Editor’s note: Stephanie Ackman was named Cybersecurity Executive of the Year (Private Company) on Nov. 12.
The finalists for WashingtonExec’s Pinnacle Awards were announced Oct. 8, and we’ll be highlighting some of them until the event takes place virtually Nov. 12.
Next up is Cybersecurity Executive of the Year (Private Company) finalist Stephanie Ackman, who’s director of information and cybersecurity at Array Information Technology. Here, she talks future focus areas, career challenges and other career advice.
What has made you successful in your current role?
Establishing and nurturing professional connections, both internal and external to ARRAY has made me successful as the director of cybersecurity for ARRAY. Connection is required to establish a safe environment for teams to be willing to innovate and take risks, and it is also the foundation for a more productive team.
What are you most proud of having been a part of in your current organization?
ARRAY is mission/end user focused, and we are consistently striving to deliver exceptional products. The value placed on delighting the customer, and owning the application is embedded into our day-to-day operations. By cultivating close partnerships with our customers, ARRAY teams can deliver tailored solutions specific to the end user mission requirements. That feedback and interaction with the end users make it much easier to experience and communicate the “why” for ARRAY.
What are your primary focuses areas going forward, and why are those so important to the future of the nation?
With the rapid changes in the cybersecurity world, my primary focus areas are:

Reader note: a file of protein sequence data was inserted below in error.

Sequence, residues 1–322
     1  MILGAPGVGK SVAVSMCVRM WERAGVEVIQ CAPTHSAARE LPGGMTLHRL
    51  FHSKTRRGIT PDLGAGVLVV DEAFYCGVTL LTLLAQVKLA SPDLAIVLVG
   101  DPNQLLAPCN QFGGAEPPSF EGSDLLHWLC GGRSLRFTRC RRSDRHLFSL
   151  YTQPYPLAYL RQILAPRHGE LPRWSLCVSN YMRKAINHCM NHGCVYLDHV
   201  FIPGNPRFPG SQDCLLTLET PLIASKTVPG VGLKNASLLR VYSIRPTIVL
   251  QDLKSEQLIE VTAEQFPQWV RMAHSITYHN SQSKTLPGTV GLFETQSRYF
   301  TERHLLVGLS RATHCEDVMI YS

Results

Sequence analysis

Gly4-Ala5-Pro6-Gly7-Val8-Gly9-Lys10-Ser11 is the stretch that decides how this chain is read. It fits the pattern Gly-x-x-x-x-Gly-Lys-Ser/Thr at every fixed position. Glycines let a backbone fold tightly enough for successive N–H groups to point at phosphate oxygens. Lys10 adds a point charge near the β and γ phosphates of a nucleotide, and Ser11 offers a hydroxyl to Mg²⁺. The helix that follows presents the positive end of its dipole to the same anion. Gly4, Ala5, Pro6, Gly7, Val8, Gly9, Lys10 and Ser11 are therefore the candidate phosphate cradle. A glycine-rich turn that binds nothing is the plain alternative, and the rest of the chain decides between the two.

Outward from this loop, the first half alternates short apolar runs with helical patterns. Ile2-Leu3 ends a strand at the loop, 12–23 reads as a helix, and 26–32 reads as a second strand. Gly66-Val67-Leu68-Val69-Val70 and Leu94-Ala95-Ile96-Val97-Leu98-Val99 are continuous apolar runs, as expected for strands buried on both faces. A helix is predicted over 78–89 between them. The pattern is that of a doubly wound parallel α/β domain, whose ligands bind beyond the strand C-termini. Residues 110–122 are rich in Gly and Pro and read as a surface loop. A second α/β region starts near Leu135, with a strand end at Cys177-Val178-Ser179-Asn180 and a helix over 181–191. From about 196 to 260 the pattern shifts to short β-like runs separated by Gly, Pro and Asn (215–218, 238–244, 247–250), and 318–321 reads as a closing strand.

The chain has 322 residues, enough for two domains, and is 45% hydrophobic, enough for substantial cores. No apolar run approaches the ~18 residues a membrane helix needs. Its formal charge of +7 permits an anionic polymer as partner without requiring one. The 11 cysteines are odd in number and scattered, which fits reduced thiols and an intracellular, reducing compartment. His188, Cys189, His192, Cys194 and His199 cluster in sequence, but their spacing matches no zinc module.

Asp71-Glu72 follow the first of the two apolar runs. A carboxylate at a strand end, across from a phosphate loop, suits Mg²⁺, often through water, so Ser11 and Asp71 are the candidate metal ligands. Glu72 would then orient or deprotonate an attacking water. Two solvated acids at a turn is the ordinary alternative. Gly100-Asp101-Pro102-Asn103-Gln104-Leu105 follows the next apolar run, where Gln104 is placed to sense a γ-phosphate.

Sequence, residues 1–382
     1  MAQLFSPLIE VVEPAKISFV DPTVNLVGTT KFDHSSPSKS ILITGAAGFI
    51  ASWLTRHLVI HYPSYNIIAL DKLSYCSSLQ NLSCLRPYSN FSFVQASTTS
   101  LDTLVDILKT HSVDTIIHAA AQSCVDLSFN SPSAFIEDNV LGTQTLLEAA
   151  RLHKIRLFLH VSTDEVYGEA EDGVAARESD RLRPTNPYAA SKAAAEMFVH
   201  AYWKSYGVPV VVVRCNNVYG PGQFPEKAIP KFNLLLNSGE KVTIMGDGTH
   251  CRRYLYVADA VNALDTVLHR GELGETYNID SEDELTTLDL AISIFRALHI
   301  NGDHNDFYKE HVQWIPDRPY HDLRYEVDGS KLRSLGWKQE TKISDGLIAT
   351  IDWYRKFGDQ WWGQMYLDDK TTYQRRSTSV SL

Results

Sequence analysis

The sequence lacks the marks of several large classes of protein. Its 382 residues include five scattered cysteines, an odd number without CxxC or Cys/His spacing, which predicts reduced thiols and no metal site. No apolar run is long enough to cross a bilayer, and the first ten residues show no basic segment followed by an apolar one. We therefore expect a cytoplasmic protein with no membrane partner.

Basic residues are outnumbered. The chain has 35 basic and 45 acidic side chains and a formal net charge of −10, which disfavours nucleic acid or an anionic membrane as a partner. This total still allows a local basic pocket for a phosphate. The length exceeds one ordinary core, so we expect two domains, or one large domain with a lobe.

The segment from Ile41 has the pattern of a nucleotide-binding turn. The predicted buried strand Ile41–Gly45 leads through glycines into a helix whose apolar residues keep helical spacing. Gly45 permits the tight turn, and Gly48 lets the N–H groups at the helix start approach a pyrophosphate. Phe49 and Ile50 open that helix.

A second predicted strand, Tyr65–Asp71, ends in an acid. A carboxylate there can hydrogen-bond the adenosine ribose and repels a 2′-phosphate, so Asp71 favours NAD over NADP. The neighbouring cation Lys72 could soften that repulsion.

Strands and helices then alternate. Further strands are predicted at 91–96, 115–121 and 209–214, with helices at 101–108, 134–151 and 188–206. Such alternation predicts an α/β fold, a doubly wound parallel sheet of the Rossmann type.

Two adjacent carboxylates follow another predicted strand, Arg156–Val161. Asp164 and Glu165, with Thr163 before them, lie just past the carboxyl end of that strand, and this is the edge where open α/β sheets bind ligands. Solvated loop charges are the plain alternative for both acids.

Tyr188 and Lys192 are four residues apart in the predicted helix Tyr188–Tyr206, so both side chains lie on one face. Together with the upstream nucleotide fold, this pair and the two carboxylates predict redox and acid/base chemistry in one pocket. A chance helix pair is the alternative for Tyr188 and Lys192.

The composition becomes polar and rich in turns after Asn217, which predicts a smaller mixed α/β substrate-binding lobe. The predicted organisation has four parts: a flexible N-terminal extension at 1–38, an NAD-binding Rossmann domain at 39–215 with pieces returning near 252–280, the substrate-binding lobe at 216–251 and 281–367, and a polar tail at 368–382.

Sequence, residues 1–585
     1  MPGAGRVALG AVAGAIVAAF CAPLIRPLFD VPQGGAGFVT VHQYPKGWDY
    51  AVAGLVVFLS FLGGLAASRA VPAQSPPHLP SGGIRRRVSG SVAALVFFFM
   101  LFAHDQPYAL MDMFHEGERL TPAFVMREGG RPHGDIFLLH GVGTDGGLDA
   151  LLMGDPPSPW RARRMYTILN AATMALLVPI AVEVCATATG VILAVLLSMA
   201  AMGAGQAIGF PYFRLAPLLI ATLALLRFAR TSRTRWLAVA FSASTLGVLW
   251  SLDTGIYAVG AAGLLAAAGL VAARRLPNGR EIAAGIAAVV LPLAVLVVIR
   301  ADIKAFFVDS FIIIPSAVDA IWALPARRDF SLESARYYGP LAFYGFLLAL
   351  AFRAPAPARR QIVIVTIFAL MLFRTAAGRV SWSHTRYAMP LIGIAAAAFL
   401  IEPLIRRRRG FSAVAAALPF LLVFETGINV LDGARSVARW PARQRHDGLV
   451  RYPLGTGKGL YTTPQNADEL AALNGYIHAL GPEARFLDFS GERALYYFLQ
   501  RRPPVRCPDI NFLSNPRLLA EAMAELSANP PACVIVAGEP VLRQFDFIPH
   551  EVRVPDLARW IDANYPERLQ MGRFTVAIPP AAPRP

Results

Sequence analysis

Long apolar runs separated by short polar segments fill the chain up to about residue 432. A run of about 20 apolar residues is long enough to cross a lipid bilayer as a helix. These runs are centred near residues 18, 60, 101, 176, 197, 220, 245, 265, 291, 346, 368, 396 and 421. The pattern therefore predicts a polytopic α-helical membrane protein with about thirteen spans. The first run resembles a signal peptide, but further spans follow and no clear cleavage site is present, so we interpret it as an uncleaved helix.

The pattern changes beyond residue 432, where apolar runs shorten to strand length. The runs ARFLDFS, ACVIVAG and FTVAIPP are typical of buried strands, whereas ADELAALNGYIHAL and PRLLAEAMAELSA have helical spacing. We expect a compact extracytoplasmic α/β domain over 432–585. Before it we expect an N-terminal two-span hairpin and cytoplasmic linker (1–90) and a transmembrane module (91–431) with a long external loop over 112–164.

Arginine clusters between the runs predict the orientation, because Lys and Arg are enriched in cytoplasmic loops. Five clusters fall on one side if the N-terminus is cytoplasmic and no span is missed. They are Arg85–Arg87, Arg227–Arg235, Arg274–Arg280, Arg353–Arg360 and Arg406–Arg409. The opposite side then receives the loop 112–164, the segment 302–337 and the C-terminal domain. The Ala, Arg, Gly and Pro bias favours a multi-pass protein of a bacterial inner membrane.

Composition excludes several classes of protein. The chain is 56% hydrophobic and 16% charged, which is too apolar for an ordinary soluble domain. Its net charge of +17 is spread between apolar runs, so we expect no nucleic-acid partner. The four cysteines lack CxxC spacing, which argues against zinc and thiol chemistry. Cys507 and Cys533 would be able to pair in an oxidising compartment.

- Cultivating change in the cybersecurity arena that has traditionally been a regulation-/compliance- check-driven community.
- Continually adopting and implementing more efficient and effective processes while maintaining a heavy team focus. Successful development, production, operation teams will require engaged cybersecurity engineers to keep up with these in order to successfully support the end user.
- Engineering more secure solutions into the life cycle development process to deliver a more secure product to the end user in shorter timelines.
- Incorporate cybersecurity requirements on the front end of a development project to avoid more costly, less efficient/effective solutions that may need to be tacked on later in development.
Looking back at your career, what are you most proud of?
I pride myself in being able to think outside of the box. Cybersecurity has traditionally been a very regulation centric, and it is very easy to get stuck in a process rut. I enjoy dissecting the requirements, assessing existing processed, and then tweaking or automating those processes to be more efficient.
What was your biggest career struggle and how did you overcome it?
As a military spouse and huge supporter of my husband’s career/community, my biggest career struggle has been finding employment each time we moved for the military that was equal to my skills and qualifications. The first few moves were incredibly difficult. It seemed that as soon as I started to get comfortable in a new workplace, it was time to move.
Early on, I accepted the fact that my career progression was not going to traditional, and I started to identify aspects of each position that I wanted to cultivate. The flip side of a nontraditional career is that I have had the opportunity to work on a large variety of projects and teams and have met some of the best colleagues along the way.
What’s your best career advice for those who want to follow in your footsteps?
My best career advice for anyone who would like to follow in my footsteps is to always take the risk and never turn down an opportunity. Whether that be a difficult task at work, volunteer opportunity, a position that may be slightly outside of your area of expertise, professional certification, etc. The cybersecurity world is changing rapidly, and to remain relevant, you must be willing to take risks.